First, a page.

Lelis Bauzá Vernon | Safety, Quality, Informatics, and Leadership

Lelis Bauzá Vernon.

Lelis Bauzá Vernon is an advocate for neonatal intensive care unit patient and family-centered care, as well as a health care consultant. She serves as a clinical advisor for the Advocacy Committee Leadership Council (ACLC) at the American Academy of Pediatrics, Section on Neonatal-Perinatal Medicine (SONPM); she is the family advisor for the California and Florida Perinatal Quality Care Collaboratives and actively participates as family representative with the Necrotizing Enterocolitis Society. Named class speaker by her peers, she graduated from the Safety, Quality, Informatics, and Leadership program at Harvard Medical School in 2022, which empowered her to articulate challenges and solutions more effectively to clinicians and policymakers.

A Journey Inspired by Personal Experience

Her advocacy for family engagement and improved health care began during her time in the neonatal intensive care unit (NICU) with the premature birth of her twin boys. Her family spent four months in the NICU, which revealed gaps in care and communication. “I saw that there was a lack of synergy between clinicians and families in the way of communication and co-designing the care plans for babies. The NICU was a life-changing experience for me, and from that time, I decided to do something about creating opportunities for improvement.” 

Vernon began her advocacy journey as the first volunteer to mentor and support families in the NICU by sharing her firsthand experience. From there, she grew a support group and got involved in quality improvement projects, representing the voice of families. 

Originally from Argentina, she had a particular sensitivity to the needs of Latino and Hispanic families, “I knew that, in order to represent all families, I would need to highlight the challenges and barriers that vulnerable populations face in health care. To address these issues, I began collaborating in projects aimed at addressing and mitigating disparities, providing valuable feedback to health care entities committed to advancing diversity, equity and inclusion.”

To become better informed, Vernon enrolled in the Safety, Quality, Informatics, and Leadership program at Harvard Medical School. “I wanted to really explore how the safety and quality landscape looks from the clinical side so that I could better translate the needs of patients and families in my work as a health care consultant.”

Transformative Learnings

Her capstone project focused on improving communication and engagement with families in the NICU through the implementation of virtual rounding during the COVID-19 pandemic. The outcomes of her project have been shared at conferences nationwide. Through the program’s focus on clinical databases and design, she was able to reveal how patient narratives yield valuable data points essential in reshaping health care strategies.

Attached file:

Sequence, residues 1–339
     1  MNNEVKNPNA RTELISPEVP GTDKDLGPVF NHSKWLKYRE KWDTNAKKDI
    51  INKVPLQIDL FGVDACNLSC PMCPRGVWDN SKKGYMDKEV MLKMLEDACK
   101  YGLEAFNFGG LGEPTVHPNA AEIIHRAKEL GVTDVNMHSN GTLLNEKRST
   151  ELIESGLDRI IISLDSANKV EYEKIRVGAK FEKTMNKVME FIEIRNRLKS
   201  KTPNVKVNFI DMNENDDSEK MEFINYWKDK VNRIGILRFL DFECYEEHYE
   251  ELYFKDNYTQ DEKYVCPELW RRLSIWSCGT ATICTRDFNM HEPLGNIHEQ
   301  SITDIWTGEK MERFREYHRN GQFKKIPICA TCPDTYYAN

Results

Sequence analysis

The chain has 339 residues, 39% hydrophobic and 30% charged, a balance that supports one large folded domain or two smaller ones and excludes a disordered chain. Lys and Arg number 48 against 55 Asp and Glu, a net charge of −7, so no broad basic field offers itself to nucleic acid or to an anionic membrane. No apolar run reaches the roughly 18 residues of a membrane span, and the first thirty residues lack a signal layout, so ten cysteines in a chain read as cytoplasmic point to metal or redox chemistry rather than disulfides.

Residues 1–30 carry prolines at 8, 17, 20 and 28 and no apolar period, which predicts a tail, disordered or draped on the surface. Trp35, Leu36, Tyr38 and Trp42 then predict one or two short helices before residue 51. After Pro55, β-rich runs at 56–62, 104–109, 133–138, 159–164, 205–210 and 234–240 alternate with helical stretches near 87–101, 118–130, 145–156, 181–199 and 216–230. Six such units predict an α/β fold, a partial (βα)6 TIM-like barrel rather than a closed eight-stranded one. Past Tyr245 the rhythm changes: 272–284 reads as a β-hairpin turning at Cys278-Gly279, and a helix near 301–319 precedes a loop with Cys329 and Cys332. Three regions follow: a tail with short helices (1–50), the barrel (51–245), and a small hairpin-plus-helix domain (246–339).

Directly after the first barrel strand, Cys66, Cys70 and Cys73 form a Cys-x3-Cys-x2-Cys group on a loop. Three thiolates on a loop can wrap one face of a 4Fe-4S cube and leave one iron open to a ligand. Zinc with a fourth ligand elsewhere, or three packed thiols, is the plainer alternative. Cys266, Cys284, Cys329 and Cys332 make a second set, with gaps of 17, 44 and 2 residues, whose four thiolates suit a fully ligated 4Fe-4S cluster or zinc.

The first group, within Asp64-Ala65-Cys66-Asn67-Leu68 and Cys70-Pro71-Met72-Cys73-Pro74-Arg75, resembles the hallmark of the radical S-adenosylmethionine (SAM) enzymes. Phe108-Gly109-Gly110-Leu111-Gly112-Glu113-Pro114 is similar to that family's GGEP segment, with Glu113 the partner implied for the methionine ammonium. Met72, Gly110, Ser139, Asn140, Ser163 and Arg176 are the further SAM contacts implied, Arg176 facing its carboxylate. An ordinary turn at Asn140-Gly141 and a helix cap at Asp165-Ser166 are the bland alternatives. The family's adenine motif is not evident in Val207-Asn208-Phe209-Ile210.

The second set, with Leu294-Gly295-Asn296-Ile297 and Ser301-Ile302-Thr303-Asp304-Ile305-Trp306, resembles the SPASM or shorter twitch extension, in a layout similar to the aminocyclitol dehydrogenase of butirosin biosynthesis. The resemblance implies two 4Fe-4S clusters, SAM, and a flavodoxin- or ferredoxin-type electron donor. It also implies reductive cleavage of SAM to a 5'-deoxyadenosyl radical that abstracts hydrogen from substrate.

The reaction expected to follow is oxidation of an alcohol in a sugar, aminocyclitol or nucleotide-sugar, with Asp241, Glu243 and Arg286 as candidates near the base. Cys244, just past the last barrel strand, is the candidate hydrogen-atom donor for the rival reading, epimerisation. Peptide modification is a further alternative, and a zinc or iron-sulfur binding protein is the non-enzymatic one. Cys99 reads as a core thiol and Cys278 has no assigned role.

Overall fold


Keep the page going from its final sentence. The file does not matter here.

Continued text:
“One of the aspects of the program that I really loved was the emphasis on practical application. This allows you to translate theoretical knowledge into real-world scenarios,” she says. Vernon also commends the Harvard Medical School faculty for their student-centered approach, guidance and engagement beyond lectures, as well as the global network she gained from collaborating with clinicians from around the world. “The global exposure provided me with a broader perspective on health care complexities and also different lenses to approach solutions for improving quality and safety.” 

“The program has made me a more effective health care consultant. It gave me all the knowledge and tools to collaborate with clinical teams and assist them in optimizing and designing quality improvement and research methods that accurately capture the consumer's perspective.”

Championing Patient-Centric Care

Vernon highlighted that the most significant takeaway from her time in the Safety, Quality, Informatics, and Leadership program was the realization that involving patients and families in care decisions and processes isn’t just something nice to do—it’s science. 

“Family-centered care extends its impact to patient safety, patient satisfaction and the overall health care quality. So, when you talk about the pillars of health care being safety and quality, you’re talking about patient and family-centered care. And that’s the main message that I share with the different forums and entities that I work with now.” 

Vernon epitomizes a new generation of family partners who are actively engaged in reshaping the health care experience from the bedside. “I truly believe that it is through co-design and in elevating the voice of patients and families that we will be able to redesign the system and that’s why I’m still deeply involved in it.”